Tina So, a native Hong Kong artist, is unique in her international exposure. She has studied and worked in Hong Kong, Vancouver, Toronto, Nanjing, and Shanghai, graduating with a B.A. in fine arts from the RMIT University of Melbourne, Australia. Painting on wooden panels and working with woodblock printing are her preferred means of artistic expression.
In response to Ebarb’s call for a joint project to raise awareness of the Four Freedoms ideals, So gladly agreed to participate. She believes that it is worthwhile to re-examine the implications of FDR’s ideas for the world today.
As an artist born and bred in Hong Kong, a city that used to be a British colony before 1997 and is now part of the People’s Republic of China under a unique “One Country, Two Systems’ arrangement that is still evolving, So feels that FDR’s ideas of more than seventy years ago are equally relevant to those living in the city today.
“I have always felt grateful for the privilege of growing up in an open-minded and free society like Hong Kong. We have seen too often how political super-institutions and ruling governments could be tempted to silence oppositions and criticisms, bend the meaning of “public interests” to suit their needs, and use brutal force to advance their agenda,” she said. “It always seems that we are just one step away from losing our freedoms if we are not mindful. Here in Hong Kong, I sense that we are already experiencingsome fall off from what it used to be.”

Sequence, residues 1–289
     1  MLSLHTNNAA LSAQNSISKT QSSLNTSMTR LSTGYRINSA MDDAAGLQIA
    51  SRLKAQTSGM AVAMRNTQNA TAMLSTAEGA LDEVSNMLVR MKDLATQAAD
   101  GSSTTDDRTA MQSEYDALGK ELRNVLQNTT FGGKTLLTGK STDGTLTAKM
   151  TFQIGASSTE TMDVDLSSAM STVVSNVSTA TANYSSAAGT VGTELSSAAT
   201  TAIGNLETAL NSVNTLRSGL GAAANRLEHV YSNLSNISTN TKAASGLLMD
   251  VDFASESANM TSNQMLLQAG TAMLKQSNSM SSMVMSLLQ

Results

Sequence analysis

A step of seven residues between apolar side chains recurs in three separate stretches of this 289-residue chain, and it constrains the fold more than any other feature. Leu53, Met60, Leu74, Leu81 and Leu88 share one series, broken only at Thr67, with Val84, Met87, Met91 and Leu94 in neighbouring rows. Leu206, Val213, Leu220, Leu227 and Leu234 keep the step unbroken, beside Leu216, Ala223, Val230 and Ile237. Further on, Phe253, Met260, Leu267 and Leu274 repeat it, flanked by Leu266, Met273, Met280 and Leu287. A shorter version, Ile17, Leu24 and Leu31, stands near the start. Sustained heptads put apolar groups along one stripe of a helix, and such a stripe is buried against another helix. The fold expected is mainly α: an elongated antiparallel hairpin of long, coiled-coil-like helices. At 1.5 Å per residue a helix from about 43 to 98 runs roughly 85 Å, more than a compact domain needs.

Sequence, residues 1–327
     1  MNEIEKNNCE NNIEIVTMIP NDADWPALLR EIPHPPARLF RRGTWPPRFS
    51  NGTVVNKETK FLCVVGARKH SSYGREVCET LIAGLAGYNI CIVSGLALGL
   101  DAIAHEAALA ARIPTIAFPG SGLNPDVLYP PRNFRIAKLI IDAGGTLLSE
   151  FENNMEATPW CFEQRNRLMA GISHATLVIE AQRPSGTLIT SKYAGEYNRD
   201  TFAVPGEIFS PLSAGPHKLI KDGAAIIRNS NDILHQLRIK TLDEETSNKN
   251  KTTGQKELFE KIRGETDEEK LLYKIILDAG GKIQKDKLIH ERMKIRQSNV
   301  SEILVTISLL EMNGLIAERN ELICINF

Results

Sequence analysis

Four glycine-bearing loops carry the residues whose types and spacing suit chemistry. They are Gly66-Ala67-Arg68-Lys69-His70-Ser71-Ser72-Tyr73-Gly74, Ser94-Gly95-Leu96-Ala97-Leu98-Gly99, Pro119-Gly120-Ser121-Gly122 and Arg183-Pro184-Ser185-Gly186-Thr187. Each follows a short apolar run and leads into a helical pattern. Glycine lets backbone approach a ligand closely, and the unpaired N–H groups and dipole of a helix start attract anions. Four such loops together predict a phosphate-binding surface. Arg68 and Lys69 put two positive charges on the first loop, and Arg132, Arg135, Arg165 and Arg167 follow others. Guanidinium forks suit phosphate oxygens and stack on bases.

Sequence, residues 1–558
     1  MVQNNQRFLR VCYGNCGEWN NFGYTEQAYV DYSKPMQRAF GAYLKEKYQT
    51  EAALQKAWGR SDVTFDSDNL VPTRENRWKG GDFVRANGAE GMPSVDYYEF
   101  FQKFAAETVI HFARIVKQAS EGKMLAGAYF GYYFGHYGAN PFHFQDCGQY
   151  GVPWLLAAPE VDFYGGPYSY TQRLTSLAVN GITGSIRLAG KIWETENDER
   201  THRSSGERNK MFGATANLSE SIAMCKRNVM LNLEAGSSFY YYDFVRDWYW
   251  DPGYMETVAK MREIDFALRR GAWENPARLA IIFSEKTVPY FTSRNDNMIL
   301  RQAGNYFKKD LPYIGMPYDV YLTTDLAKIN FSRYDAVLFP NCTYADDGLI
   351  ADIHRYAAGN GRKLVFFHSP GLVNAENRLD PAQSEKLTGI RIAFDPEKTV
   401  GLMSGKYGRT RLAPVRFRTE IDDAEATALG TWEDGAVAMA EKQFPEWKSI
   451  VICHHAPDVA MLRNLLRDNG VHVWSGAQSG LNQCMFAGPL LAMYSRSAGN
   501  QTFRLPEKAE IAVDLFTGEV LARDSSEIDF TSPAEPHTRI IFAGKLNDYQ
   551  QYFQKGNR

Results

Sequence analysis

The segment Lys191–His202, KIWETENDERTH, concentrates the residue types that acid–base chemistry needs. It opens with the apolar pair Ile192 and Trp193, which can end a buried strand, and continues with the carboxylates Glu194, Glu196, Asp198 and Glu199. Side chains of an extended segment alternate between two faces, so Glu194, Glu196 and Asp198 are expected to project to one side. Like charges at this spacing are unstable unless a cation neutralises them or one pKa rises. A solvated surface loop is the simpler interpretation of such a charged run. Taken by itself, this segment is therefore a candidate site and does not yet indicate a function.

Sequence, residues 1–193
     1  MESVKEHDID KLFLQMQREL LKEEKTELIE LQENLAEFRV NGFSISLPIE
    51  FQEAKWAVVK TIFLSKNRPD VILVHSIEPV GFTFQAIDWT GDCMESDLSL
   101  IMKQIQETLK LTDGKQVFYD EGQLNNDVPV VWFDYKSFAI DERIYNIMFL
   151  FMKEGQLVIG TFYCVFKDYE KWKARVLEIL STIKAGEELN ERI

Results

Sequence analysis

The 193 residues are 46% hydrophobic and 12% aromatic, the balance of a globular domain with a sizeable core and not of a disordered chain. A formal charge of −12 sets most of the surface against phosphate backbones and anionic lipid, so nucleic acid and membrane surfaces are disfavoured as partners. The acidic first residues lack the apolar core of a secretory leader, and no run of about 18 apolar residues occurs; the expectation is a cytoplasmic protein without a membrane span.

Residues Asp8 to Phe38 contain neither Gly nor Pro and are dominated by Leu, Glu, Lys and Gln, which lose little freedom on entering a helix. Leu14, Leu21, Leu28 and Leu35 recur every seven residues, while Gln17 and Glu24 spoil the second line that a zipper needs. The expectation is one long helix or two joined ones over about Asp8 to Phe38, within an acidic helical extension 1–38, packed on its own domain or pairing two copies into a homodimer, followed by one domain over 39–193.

A key characteristic of So’s works is the juxtaposition of realistic and abstract elements in an imaginary space. Meanings are often not immediately apparent, and much room is allowed for imagination as well as individual interpretation. This is also true of her paintings for the Four Freedoms Project. Describing her creative process, So explained, “I rely on the technique of free associations and stream of consciousness, allowing my collective reflection to flow freely.” Her wish is that viewers can construct and re-construct their own understanding and emotional response. “I consider this a form of internal dialogue, an interactive exchange of reflection,” she expounded.
Instead of attempting to depict the Four Freedoms, So chose to call her series “In Search of the Four Freedoms”. In response to each of the freedoms, she included a textual answer in the works as subtitles. For “Freedom of Speech”, it is “Cogito ergo sum” in Latin, or “I think therefore I am” in English. For “Freedom of Religion”, it is “Fidei defensor”, which means” Defender of faith”. For Freedom from Want, the reply is “inveniet quad quisque velit”, or “Each shall find what he desires”. And finally for “Freedom from Fear”, it is echoed with the words “Audemus jura nostra defendere”, which means “We dare to defend our rights”.
The four works are all painted on wood panels and each is a triptych, reminiscent of Medieval church altarpieces. So said that she chose this format “to show respect for the embodied messages and pay tribute to those who have made sacrifices in the process of pursuing such freedoms.”